by Dr Suzy Campbell
Integration is the “old/new” global development buzzword: old, because it’s certainly not new! New, because there has been an unprecedented focus on it recently in international commitments, being a key message to emerge at the Neglected Tropical Diseases (NTD) Summit in Geneva, Switzerland last week.
The NTD Summit was organised in conjunction with the release of the World Health Organization (WHO) Fourth Report on NTDs, the fourth anniversary of the London Declaration pledge, and next round of global commitments by international donors, culminating in the Geneva Commitment (see picture) to reaffirm the commitments to fight NTDs that were made in the original London Declaration.
For those NTDs amenable to preventive chemotherapy approaches, the success of integrated delivery of largely donated medicines to alleviate morbidity is without question. Further level of integration within and across the health system needs to continue and it is now time to augment this with tailored activities along with global advocacy. Increased cross-sectoral work is essential to integrate NTD control and elimination programmes within the broader vision of universal health coverage. But, as highlighted by Dr Dirk Engels, Director of the WHO Department of Control of NTDs, integration is extremely complex and no one yet knows enough about what this means. Without doubt, though, NTD development will improve general living conditions, and thus striving for better cross-sector working with integrated solutions is crucial.
Dr Anthony Costello, Director of the WHO Department for Maternal, Newborn, Child and Adolescent Health, gave insight into some guiding principles, namely: approaches must be country-led, have a sound evidence base, be assessable at scale, and have district-level systems. Assessment of programmes at scale is a major current epidemiological challenge – large-scale evaluations are required. Dr Costello then invited us all to join him in “LALA Land” – a novel way to encompass essential parameters of leadership, action, learning and accountability! Recognising the integration challenges, and the importance of continuing to strive to overcome them, Dr Margaret Chan (Director-General, WHO) gave a strong statement of support emphasising that “What gets measured, gets done”. In this she indicates WHO commitment to NTD indicators – if there is an indicator that programmes need to meet, NTD work will continue.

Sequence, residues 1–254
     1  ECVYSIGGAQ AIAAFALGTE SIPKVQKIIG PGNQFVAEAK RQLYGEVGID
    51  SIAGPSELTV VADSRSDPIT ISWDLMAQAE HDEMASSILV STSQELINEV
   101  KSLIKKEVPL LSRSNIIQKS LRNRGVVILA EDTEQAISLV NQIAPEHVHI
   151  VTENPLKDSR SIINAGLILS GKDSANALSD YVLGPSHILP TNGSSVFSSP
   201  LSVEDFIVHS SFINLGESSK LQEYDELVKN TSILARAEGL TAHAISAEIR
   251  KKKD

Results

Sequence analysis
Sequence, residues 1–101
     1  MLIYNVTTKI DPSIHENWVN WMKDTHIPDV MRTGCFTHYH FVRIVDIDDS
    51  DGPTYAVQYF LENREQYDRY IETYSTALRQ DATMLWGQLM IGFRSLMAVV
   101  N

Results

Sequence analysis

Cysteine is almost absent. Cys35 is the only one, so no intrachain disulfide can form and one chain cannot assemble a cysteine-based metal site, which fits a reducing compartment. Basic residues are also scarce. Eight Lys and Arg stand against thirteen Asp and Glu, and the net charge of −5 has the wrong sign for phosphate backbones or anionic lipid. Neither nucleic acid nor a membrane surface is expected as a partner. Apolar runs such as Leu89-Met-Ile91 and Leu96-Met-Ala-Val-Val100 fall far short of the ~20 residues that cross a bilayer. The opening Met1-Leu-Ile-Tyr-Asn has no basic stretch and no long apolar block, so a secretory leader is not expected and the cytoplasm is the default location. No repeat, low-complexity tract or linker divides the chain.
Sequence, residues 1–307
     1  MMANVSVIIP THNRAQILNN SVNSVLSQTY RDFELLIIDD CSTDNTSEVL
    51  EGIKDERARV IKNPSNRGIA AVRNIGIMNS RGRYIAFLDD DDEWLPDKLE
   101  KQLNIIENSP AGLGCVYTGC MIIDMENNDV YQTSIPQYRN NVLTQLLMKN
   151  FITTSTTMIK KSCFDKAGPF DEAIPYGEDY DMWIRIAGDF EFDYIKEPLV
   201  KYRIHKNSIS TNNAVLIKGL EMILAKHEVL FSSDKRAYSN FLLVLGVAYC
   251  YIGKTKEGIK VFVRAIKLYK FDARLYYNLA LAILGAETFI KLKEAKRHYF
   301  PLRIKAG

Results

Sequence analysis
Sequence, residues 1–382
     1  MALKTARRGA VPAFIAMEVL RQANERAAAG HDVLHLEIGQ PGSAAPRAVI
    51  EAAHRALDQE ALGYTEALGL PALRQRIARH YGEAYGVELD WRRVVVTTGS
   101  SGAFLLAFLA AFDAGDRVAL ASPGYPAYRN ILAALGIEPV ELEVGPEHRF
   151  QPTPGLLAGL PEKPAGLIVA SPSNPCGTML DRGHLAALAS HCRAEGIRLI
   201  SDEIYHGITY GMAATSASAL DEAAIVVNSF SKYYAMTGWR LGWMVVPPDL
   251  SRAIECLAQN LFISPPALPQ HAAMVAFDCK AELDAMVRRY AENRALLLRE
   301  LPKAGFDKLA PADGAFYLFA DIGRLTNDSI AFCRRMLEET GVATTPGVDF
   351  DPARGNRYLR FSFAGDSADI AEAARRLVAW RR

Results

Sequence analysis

To provide a global tool to integrate, advocate and ultimately address underrepresented NTDs and control efforts (including water, sanitation and hygiene (WASH), vector control, veterinary public health, and care programmes) the BEST Framework was launched. Complementing existing WHO and UN frameworks and strategies, the BEST Framework provides a comprehensive approach for collaborative investment in NTDs for development, and for standardising measurement of these interventions to maximise benefit. Building on the four components of Behaviour, Environment, Social inclusion and Treatment, the framework emphasises the necessity of cross-sectoral work and strengthening systems to improve equity and inclusion, and maximise positive impact of development investments in NTD countries.
With this strongly supported integration theme underpinning the entire Summit, there is much optimism that significant progress will continue to be made in combatting NTDs, even as we tackle the heady issues of elimination for some of them, which already requires refinement of existing strategies. The existing progress in combatting NTDs that has already been made has provided the best possible platform for continued partnership and development.